“The ordinance helped but in reality it helped the more affluent and outsider community that was coming into the city,” he says. “It’s obvious when you look around the neighborhood whose art is up. It’s nice art but it’s not ours.”

We return to his office and as we say our goodbyes, he shows me one last thing. It’s a book about murals with his artwork on the front cover. He tells me his niece in college was required to read it as part of her college art history class.

“She told me when she saw the book cover she immediately knew it was my work,” De La Loza says as he wipes a tear. “Knowing that a new generation is getting to know about that history and that period gives me hope that one day it’ll be back. 

READ: Mexican-American Artists Add Their Touch To New Mural Corridor At LA’s New LA Plaza Village

Fans Crowded Around LAX To Welcome Javier ‘Chicharito’ Hernandez To Los Angeles And His New Soccer Team

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Fans Crowded Around LAX To Welcome Javier ‘Chicharito’ Hernandez To Los Angeles And His New Soccer Team

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Javier “Chicharito” Hernandez is one of the greatest soccer players right now. Some might even argue that he is one of the most beloved on the pitch. Now, Los Angeles will get a chance to watch Chicharito work his magic for the L.A. Galaxy.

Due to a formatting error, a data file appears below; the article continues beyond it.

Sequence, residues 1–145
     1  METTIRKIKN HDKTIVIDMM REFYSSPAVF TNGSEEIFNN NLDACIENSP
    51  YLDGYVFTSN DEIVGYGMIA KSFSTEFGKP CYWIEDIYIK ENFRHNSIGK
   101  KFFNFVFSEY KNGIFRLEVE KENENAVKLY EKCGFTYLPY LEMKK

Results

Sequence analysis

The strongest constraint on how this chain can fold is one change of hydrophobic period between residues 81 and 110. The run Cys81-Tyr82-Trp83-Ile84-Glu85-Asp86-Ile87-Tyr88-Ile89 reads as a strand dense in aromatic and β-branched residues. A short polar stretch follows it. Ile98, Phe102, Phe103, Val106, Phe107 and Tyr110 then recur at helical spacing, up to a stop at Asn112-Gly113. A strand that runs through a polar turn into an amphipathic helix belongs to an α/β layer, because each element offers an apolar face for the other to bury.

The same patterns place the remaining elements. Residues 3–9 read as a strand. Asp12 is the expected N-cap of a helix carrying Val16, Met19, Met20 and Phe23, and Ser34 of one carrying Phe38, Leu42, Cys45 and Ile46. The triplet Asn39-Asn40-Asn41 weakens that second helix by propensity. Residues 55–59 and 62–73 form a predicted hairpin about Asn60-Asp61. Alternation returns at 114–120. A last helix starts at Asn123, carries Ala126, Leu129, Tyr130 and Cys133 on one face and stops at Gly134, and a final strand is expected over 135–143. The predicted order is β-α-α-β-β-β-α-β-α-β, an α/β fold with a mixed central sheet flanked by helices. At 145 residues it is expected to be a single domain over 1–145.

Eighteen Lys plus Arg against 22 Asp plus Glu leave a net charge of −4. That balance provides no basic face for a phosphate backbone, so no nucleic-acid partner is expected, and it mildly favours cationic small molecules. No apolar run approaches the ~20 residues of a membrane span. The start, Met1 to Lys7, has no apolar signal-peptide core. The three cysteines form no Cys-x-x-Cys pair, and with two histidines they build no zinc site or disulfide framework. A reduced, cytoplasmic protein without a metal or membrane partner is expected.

Javier “Chicharito” Hernandez is joining Major League Soccer to play for the L.A. Galaxy.

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Imaginémonos cosas chingonas.

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Chicharito is the highest-paid MLS player since David Beckham was recruited into the North American soccer league. The L.A. Galaxy reportedly paid a $9.4 million fee to Sevilla to transfer Chicharito to their time and his guaranteed annual salary will be $6 million.

Fans of soccer and Chicharito are looking forward to what the star player will bring to the new team.

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“Chicharito is an outstanding player,” Yon de Luisa, the president of the Mexican Football Federation, told CNN.”He’s the Mexican national team’s leading scorer historically and I am sure he is going to have an outstanding participation here in LA.”He’s going to develop a magnificent rivalry against Carlos Vela, who is his friend, and they will be playing head-to-head in this civil war in LA,” added De Luisa, referring to Hernandez’s Mexican international teammate who plays for rival Los Angeles FC.”I really think it’s going to be a good thing for the city, for MLS and for us as well to have Chicharito closer to the national team.”

The move from the European league to the North American league was not an easy decision for Chicharito.

In an emotional video that is going around social media, Chicharito calls his parents and talks to them about his decision to move to MLS. During the call, the global soccer star breaks down in tears telling his parents about his journey in making the decision.

“It’s the start of the process of retiring, you know,” Chicharito said in the emotional video. When his dad pushes back, Chicharito says, “No, no, Dad, but what I want…I’m saying goodbye – and we’re saying goodbye – to a career in which we worked a lot and I know you guys feel it as well and we’re going to see the positive side and it’s going to be amazing. But if we want it or not, we’re now retiring from the European dream.”